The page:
Gillo comes to Karnataka with a travelling theatre festival for children
A bus with 10 performers and three plays is coming to Karnataka. This weekend, it heads to Bengaluru. Mumbai-based Gillo Repertory Theatre’s road trip, Gillo on the Go! comes with the promise to deliver dreams, share knowledge, open minds and entertain young audiences.
That extra mile
A brainchild of Shaili Sathyu, artistic director at Gillo (working exclusively in the area of Theatre for Young Audiences), this first-of -its-kind tour, is essentially bringing theatre closer to children, particularly for kids for whom theatre is out of reach. “We have always performed in big cities but now we are making a conscious effort to take theatre to places where we haven’t performed, in smaller towns and villages where children don’t have access to fancy venues and theatres,” says Shaili. This year, troupe Gillo kick-starts their first road trip in Karnataka. They first stop at Gubbi near Tumakuru, followed by Bengaluru (outskirts of the city and JP Nagar), then HD Kote near Mysuru, followed by Chama-rajanagara and lastly Heggodu. The 15-day tour will see them staging three plays, conducting workshops and hosting an open sharing session for artistes and educators.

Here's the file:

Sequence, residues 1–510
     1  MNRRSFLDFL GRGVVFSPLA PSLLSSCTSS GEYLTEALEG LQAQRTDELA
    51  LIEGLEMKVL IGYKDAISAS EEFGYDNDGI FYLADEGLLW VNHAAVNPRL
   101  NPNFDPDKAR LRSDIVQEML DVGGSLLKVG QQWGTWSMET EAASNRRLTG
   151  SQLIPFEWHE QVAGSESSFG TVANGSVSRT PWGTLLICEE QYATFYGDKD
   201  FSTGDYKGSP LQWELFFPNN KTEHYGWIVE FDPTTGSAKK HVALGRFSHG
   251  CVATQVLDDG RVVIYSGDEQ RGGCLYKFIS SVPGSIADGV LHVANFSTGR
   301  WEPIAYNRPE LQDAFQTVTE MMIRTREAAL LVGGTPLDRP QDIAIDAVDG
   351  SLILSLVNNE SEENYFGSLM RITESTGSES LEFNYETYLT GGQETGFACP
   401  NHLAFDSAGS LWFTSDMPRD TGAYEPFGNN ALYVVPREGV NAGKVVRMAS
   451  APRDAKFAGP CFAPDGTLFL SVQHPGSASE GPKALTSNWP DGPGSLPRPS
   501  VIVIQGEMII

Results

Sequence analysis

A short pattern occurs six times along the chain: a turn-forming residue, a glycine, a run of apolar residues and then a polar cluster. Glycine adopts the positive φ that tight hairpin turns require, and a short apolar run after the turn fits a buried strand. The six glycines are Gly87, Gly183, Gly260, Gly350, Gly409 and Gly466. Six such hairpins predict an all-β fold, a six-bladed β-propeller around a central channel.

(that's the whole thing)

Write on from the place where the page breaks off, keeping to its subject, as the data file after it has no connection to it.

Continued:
The three plays to be staged are Catch That Crocodile (English), Hanuman Ki Ramayan (Hindi)
and One to Ten (Non-verbal). Catch That Crocodile is based on popular children’s author Anushka Ravishankar’s book of the same name. The story is about how a crocodile appears in town. Nobody is sure how it got there, but it needs to be caught and returned to the river. Hanuman Ki Ramayan is a nautanki (a form of Indian theatre that involves live music and dancing) based on Dr Devdutt Pattanaik’s short story. In this story, Valmiki who has barely put his pen down after completing his magnum opus — the epic Ramayan — realises he has competition. Sage Narad tells him that Hanuman has written a better Ramayan. What happens next is a delight to watch. One to Ten is based on short plays by playwright Qudsia Zaidi. This play is a portrayal of a family dealing with everyday situations in the most comical manner.
Talking about the adaptability of these plays to different spaces, Shaili says, “These are not proscenium plays, so they can be staged at different spaces. Each of them is about 45 minutes long, and the performance will be followed by an interactive session with the audience.” For children who aren’t exposed to live performances, this experiment might be overwhelming, but Shaili says, “Usually, our actors interact with children before the performance and break the ice. So when the kids see the same person performing, they don’t get intimidated by eye contact.”
November 4-5. At Untitled Space, JP Nagar. Details: 9483985437